But first, to that heading; when is a fault not a fault? That
comment is not as facetious as it may appear. This story is a secondhand one and
I was involved as little more than a spectator. Nevertheless, it is a story well
worth telling if only because the solution was quite unexpected.
A friend of mine who is interested in computers decided to
purchase two secondhand Pentium 133 computers on which to network his family
business. He was assured that they were in good working order but when he set
them up at home, neither would boot up – there was just a blank screen. However,
if he switched them off and then on again immediately they worked fine.
This made him think that there was either something wrong with
the setup or with hardware compatibility, so he started experimenting. First, he
tried a succession of different monitors and found that some worked perfectly
and others didn’t – even though none of the "faulty" monitors gave trouble on
any other computer. So was there some incompatibility between the non-working
SVGA monitors and the motherboards fitted in the two computers?
If so, the problem could be either in the energy saver function
or multisync resolution but he could find no correlation between these features
or why some monitors worked and some didn’t. In the meantime he asked me and
several other people he knew if we had a clue as to why this was happening. But
although we suggested various things to try in the BIOS, plus checking the links
on the motherboard, he wasn’t getting anywhere.
Then, one day, he connected one of the computers to one of the
monitors that originally wouldn’t work and suddenly it all worked perfectly. He
repeated this test several times and it booted up every time.
Sets Covered This Month
- Pentium 133 Computer.
- Sherwood Home Theatre RV-4070R Amplifier.
- NEC N3419 TV set.
- Akai CT-21WA9AT
- Philips 2SSP1788/75R TV Set
It was then he realised he had accidentally forgotten to plug
in the keyboard. No big deal – he plugged it in and the fault was back! Could it
be a faulty keyboard? He acquired another keyboard and plugged it in and this
time all was well. He checked the first keyboard on other computers and could
find nothing wrong with it. So what was the difference between the keyboard that
produced the fault and the one that didn’t?
This speaker terminal panel came with an unusual manufacturing fault, as indicated by the yellow circle.
Well, the former was a 101-key keyboard, while the latter was a
105-key Windows 95 type. As he had plenty of others around he tried a variety of
keyboards and established that the problem was entirely due to the computers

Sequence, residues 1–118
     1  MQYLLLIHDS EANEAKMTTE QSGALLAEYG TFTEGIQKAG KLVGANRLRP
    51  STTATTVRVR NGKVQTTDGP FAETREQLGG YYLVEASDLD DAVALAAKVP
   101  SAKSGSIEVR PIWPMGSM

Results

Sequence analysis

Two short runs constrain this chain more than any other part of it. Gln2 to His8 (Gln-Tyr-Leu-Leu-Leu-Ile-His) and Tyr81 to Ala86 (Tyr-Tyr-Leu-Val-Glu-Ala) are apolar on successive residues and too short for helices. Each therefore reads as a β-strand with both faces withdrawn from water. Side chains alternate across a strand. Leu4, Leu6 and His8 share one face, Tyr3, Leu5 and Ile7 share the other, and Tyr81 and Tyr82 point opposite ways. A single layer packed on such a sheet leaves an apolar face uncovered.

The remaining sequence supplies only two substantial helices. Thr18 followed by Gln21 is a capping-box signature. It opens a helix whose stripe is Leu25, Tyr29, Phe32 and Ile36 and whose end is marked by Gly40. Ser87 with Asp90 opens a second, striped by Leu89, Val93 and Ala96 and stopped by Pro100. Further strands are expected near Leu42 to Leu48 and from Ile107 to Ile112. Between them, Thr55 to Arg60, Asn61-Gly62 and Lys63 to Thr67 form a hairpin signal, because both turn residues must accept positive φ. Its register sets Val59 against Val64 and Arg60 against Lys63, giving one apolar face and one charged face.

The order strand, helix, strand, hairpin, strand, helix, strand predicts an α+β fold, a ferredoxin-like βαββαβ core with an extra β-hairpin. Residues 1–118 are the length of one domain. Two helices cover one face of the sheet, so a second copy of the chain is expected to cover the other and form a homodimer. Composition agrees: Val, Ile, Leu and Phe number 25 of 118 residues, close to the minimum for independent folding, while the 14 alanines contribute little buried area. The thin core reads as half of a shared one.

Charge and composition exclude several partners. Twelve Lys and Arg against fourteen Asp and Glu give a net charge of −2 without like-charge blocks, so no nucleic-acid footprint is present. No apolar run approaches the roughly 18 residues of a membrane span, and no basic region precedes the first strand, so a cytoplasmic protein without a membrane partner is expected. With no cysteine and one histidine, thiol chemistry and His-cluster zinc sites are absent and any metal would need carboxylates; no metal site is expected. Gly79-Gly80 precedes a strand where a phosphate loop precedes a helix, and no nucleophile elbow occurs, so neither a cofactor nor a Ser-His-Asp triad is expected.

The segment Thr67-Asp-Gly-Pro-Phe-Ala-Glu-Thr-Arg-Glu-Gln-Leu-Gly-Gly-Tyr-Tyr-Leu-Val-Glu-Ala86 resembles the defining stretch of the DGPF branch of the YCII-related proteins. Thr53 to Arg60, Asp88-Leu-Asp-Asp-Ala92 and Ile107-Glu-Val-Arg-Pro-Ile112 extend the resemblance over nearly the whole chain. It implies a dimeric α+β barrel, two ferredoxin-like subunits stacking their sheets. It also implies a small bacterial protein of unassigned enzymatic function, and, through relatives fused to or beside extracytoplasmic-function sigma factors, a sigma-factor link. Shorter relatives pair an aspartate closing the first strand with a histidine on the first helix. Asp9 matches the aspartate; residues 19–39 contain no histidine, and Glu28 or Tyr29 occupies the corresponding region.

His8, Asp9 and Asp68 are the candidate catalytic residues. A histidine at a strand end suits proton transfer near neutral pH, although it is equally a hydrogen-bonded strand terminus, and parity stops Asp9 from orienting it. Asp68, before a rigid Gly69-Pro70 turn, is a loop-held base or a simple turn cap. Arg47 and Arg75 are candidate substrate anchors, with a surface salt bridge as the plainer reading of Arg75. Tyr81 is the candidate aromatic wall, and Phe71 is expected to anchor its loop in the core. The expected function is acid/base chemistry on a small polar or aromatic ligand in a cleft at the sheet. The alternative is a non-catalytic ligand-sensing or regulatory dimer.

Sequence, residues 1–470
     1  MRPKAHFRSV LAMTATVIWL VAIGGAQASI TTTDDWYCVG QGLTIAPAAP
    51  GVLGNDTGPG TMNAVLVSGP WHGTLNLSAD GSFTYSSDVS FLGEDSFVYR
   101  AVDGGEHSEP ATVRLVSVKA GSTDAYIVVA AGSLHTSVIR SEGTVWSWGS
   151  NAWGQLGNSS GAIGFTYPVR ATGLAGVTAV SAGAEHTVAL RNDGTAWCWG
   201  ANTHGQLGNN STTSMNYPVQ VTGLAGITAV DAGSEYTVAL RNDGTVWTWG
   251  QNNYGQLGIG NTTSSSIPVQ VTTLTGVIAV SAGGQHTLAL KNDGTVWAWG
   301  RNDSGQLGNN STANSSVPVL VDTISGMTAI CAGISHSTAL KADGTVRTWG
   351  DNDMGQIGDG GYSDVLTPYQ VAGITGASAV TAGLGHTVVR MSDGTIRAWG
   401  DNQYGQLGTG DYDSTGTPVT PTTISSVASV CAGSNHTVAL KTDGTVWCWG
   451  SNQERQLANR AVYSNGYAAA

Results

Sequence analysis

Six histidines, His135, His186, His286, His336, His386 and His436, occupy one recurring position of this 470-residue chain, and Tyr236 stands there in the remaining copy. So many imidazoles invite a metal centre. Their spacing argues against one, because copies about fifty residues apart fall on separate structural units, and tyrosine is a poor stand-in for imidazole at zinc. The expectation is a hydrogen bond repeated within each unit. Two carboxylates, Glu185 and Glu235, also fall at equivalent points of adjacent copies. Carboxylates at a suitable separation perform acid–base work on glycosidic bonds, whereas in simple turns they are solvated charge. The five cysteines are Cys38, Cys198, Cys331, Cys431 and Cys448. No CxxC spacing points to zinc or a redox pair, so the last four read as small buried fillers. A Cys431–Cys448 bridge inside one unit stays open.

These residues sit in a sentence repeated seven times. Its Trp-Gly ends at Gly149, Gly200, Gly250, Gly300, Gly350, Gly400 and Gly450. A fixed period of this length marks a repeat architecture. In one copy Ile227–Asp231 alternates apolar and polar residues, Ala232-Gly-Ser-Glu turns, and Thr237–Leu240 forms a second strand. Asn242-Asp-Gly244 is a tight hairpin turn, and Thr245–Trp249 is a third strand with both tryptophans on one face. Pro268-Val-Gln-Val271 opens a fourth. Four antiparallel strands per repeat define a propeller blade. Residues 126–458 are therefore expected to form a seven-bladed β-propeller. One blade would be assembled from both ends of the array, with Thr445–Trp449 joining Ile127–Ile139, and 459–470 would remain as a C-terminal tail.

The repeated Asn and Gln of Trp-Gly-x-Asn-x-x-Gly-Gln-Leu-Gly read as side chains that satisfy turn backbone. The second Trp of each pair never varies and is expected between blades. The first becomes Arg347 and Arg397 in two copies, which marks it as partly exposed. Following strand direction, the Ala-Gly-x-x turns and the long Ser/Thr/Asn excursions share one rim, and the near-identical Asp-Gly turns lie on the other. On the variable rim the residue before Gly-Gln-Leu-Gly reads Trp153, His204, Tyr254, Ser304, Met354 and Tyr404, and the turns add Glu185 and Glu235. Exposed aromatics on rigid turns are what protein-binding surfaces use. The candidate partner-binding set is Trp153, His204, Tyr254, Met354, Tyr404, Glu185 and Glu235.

being incompatible with the older 101 keyboards (pre-Windows 95). Naturally, he
was relieved to have discovered a cure although, strictly speaking, it wasn’t
really a fault at all.
(Editor’s note: this problem is generally due to an
incompatibility between the keyboard controller chip on the motherboard and the
microcontroller in the keyboard itself).
Home theatre system
Young David, a 17-year old, was very proud of his Sherwood Home
Theatre RV-4070R amplifier but he had become very concerned that it was
intermittently cutting off. He could not think why it was happening as he was
sure he was taking good care of it.
Eventually, he go fed up with it and decided to take his pride
and joy to the "doctor’s" to get it fixed. To begin with, I had great difficulty
in getting it to produce the fault and was about to dismiss it as being
something external to the amplifier, when it finally failed. Eventually, after a
lot of tapping, heating, cooling and various other tests, which young David
really wouldn’t want to know about, the problem was narrowed down to the speaker
It applied to the right channel only, where wiggling the
speaker leads even slightly was enough to cause the amplifier to close down.
Curious, I placed an ohmmeter across the terminals with the set switched off and
inserted a speaker lead in the negative terminal. As I did so, the multimeter
showed a dead short.
As shown in the accompanying photo, the spring-loaded speaker
terminals were part of a panel, with the positive (red) terminals at the top and
negative (black) terminals along the bottom. Initially, it was hard to see how
this setup could possibly produce an intermittent short circuit, as the two
terminals are well spaced.
It all became clear when I removed the terminal panel and took
a close look at the back. As shown in the photo, the tinplate connectors from
the terminals are all brought out along a common edge. The connectors from the